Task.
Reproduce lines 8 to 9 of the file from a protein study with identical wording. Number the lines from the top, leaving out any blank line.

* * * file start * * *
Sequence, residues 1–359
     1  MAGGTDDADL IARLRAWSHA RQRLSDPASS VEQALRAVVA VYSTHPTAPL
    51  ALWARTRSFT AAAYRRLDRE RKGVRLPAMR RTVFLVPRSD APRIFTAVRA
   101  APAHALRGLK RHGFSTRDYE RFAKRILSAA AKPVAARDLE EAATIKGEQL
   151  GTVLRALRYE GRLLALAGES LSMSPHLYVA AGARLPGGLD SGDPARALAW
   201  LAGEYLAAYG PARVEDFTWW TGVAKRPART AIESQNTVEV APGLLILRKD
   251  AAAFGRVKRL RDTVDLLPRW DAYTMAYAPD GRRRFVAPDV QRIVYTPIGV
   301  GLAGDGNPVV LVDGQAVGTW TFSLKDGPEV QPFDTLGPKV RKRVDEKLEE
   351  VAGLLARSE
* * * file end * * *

   301  GLAGDGNPVV LVDGQAVGTW TFSLKDGPEV QPFDTLGPKV RKRVDEKLEE
   351  VAGLLARSE